In preparation for the program, there is a need for maintenance equipment, parts and tools. The aircraft and parts do not need to be airworthy or operational, because they will be used solely for instructional purposes.
    As a community college we strive to offer our students an affordable quality education. We want to create a premier part 147 school where future AMT’s gain real world experiences so they are better prepared to enter the work force. Your tax qualifying donation will greatly help to meet our needs. If you would also like to consider a partnership with us, please let me know.
    Thank you for your consideration and if you have any questions, please feel free to contact me. I look forward to hearing from you regarding your donation.

    Sincerely,
    Genna Suraci
    Coordinator
    Aviation Maintenance Technology Program


    Parts List- Click here


    Get in touch!

    Genna Suraci
    Coordinator
    Aviation Maintenance Technology Program
    Taconic building Room 107
    (845) 431 8417
    Genna.suraci@sunydutchess.edu



    July 25 2018




    Annie Balshi has always referred to her niche in the aviation industry as her “baby.”

    Conceived less than two years after receiving her hospitality degree, the concept of supplying corporate and private jets with innovative amenities seemed at first to be a risky limb; but with an energy and passion not unlike the devotion of a mother, B. E. Princess sprinted off the line with a healthy start and began to soar.

     Annie’s “baby” is turning twenty-five this year and has grown into the polished, savvy world traveler that she always dreamed it would be.  Those first steps took place at Westchester County Airport, bringing quick and reliable service to a handful of clients who quickly grasped the value of such a creative component to flying private.

     An over stuffed closet office moved to a small warehouse and a small warehouse moved to a larger one halfway between Westchester County and Teterboro.  The client base mushroomed by word of mouth and the first employees were brought into the company to ensure that every customer was properly served.  One of these was Paul Venneri, now the vice president of the company and the backbone of the East Coast operation that spreads from Bradley to North Carolina.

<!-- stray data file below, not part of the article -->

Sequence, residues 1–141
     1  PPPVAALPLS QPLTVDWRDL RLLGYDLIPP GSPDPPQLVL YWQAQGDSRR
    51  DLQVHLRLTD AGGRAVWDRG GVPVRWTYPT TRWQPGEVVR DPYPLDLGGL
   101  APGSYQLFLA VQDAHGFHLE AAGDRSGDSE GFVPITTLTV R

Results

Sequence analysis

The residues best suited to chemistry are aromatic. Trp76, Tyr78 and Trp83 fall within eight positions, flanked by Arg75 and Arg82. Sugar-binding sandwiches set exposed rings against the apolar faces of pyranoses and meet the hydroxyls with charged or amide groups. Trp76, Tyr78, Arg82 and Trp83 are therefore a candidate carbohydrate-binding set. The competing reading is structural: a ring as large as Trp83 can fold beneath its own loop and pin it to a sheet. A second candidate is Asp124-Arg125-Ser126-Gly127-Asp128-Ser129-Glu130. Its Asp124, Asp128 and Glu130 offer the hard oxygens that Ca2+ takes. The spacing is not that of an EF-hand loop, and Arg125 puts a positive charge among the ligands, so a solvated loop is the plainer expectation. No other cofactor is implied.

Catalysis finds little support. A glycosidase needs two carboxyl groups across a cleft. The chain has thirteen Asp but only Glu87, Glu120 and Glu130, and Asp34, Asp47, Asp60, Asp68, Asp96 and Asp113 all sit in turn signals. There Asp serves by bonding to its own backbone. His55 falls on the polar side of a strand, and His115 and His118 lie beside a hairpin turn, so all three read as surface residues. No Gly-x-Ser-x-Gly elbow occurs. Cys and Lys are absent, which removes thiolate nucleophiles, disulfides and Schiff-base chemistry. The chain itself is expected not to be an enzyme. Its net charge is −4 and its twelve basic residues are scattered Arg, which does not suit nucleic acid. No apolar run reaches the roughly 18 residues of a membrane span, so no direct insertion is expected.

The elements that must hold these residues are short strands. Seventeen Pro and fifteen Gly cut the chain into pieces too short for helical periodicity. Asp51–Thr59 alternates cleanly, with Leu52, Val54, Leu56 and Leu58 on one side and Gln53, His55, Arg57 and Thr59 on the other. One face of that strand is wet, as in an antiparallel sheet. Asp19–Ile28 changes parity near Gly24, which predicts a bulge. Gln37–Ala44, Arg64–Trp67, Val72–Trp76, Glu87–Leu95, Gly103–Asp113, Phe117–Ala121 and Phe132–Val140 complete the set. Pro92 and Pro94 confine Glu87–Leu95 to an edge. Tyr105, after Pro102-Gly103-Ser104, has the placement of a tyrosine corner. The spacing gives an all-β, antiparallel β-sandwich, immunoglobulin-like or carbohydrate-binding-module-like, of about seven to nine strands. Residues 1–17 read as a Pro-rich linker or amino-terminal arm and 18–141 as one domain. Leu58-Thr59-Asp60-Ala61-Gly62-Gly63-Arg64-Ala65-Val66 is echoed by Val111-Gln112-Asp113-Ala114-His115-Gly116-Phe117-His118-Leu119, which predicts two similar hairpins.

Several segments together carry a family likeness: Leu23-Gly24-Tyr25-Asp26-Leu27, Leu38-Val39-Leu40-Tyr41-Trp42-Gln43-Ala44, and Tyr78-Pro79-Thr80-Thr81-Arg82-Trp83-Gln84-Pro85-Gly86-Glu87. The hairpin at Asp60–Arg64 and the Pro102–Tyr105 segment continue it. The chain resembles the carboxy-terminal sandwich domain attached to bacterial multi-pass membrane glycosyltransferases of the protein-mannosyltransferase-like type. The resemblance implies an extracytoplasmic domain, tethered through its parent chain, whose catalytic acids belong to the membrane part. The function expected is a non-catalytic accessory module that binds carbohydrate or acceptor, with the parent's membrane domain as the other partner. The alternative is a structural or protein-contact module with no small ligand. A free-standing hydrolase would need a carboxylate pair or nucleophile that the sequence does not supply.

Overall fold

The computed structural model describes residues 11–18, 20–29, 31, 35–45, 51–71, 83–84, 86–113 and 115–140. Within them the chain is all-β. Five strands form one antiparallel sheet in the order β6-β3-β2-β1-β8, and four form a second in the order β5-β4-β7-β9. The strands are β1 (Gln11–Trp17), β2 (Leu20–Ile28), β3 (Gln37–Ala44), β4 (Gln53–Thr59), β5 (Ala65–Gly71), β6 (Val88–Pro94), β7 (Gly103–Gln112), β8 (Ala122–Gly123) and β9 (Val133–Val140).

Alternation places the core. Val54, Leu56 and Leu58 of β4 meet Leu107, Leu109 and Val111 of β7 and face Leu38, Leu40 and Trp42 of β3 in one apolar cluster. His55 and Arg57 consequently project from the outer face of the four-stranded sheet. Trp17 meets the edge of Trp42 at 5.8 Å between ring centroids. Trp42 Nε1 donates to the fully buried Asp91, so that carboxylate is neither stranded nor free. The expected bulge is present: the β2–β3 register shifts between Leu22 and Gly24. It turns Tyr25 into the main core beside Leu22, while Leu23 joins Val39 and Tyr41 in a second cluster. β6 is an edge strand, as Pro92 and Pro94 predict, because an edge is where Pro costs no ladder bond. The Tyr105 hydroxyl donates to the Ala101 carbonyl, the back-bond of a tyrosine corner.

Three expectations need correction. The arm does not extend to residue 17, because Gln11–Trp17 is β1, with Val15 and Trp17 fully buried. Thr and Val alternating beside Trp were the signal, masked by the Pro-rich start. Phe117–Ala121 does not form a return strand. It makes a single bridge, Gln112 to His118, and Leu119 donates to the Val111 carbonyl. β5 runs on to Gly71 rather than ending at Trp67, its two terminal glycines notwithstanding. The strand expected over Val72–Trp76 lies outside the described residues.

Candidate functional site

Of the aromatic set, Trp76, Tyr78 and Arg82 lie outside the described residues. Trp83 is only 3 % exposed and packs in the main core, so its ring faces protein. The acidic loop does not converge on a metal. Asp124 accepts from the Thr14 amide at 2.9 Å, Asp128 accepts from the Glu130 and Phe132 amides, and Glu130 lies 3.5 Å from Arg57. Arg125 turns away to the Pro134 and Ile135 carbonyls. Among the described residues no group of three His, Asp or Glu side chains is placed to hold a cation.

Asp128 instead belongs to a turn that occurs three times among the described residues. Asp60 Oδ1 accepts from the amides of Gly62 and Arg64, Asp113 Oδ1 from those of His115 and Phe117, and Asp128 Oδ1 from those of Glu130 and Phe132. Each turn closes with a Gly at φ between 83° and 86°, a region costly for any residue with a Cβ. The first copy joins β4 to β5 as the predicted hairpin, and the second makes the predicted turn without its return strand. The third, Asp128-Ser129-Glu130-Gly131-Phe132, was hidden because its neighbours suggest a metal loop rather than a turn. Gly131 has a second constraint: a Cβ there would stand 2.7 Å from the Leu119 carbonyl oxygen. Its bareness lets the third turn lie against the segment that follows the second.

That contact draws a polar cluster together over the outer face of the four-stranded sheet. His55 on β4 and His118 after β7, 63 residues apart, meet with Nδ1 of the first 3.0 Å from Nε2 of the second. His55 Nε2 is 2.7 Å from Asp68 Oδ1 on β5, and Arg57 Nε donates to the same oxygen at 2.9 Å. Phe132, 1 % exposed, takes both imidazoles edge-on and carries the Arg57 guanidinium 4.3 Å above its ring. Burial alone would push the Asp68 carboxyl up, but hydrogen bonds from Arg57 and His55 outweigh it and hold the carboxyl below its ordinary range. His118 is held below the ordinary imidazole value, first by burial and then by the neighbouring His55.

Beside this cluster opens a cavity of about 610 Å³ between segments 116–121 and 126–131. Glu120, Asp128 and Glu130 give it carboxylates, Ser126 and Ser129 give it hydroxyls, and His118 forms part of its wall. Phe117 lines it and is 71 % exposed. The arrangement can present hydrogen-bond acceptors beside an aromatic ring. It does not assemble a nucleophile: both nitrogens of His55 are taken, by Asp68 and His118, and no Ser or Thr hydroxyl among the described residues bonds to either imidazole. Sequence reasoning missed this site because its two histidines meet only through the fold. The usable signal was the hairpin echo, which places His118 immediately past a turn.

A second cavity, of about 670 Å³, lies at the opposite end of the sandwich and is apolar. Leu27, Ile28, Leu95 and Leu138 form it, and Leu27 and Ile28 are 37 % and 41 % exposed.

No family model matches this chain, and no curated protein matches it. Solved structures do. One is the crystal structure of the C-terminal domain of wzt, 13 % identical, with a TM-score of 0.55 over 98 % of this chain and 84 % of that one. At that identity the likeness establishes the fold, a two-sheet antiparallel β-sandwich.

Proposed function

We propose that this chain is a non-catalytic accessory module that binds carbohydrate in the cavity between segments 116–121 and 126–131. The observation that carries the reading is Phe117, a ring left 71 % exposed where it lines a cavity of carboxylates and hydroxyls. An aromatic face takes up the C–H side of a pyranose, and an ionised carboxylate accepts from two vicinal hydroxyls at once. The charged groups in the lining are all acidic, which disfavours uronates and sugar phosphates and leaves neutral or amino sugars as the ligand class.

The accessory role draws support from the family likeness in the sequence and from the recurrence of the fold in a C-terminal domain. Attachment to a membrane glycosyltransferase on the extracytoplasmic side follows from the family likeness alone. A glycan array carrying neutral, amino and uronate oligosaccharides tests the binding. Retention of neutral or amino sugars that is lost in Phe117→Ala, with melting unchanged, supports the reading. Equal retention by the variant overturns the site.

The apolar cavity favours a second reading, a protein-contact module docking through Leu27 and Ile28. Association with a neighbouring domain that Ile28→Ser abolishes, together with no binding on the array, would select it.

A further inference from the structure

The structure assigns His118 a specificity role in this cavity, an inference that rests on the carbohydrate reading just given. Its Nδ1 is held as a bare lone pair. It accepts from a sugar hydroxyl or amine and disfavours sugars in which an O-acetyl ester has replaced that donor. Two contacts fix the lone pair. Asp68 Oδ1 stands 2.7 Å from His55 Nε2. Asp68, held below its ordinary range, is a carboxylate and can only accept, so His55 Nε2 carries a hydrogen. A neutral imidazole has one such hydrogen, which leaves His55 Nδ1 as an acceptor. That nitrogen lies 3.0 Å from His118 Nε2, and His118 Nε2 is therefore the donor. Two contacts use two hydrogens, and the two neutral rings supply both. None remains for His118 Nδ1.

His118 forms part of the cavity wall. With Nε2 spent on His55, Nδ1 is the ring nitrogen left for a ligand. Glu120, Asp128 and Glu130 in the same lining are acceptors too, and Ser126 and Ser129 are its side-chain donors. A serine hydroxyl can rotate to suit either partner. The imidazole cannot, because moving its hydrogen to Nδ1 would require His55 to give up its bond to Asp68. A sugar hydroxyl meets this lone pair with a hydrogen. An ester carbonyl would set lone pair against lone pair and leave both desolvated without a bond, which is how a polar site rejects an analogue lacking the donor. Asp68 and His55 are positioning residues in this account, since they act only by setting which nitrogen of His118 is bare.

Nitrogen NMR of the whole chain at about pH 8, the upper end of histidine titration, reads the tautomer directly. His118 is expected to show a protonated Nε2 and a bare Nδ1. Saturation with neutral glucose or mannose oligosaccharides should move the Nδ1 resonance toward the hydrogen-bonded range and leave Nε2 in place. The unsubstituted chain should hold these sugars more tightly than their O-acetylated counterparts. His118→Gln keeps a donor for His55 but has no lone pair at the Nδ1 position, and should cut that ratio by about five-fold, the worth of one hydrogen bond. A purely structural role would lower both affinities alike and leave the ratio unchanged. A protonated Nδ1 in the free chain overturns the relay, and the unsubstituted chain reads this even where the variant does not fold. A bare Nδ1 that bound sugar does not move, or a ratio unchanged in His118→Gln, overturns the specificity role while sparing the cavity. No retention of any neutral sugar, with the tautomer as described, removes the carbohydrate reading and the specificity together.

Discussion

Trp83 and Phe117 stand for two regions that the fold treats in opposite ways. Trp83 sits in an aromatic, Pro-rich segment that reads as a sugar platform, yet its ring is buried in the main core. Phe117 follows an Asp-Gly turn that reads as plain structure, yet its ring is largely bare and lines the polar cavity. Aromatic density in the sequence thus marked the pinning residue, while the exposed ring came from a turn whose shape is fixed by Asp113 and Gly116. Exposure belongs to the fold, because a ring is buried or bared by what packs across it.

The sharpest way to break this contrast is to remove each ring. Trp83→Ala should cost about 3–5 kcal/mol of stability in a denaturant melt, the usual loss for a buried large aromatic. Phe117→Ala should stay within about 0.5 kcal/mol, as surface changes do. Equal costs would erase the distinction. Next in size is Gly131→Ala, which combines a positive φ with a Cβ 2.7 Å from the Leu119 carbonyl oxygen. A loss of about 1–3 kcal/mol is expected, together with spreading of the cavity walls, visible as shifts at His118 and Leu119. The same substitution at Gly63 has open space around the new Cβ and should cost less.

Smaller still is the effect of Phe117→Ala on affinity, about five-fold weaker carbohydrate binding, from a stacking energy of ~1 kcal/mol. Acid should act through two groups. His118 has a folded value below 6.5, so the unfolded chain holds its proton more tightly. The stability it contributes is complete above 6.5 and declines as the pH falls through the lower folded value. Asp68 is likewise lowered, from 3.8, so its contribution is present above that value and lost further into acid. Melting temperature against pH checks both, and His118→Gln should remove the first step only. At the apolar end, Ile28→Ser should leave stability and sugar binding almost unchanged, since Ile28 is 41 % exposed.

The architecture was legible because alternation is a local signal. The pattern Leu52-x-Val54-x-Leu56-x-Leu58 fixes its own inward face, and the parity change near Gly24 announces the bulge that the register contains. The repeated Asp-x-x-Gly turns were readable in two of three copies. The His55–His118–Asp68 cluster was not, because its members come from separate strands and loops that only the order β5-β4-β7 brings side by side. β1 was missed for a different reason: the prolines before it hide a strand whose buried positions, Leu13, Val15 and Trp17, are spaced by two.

At twenty-five, B.E. Princess serves forty airports across the country, and is well known to more than four hundred and fifty happy clients who believe in flying with innovation, style and taste.  Sitting in the captain’s seat, Annie is the classic career girl, one who puts service to her client base ahead of everything, searching diligently for things that are new, exciting and also practical to put onboard.  Her recently developed brand of sweets, salts and spicy condiments, the Glendower Farm line, has opened new hatches and her expertise and access to fine wine selections has earned her a reputation as a bit of a sommelier in the air.

     Princess vans and Princess employees stocking lockers in airports can be seen all over the USA, but the essence of Princess lies in the spirited work ethic of its leader and in the main company warehouse in Carlstadt, New Jersey.  This is the showcase for the thousands of products that make flying private a culture of its own.  On August 3, 2018, the home of B. E. Princess will open its doors to embrace visitors in honor of its silver anniversary. Come and see why no one can resist grabbing a cart and taking a few things home.  Here’s to B. E. Princess.  You’ve come a long way, Baby!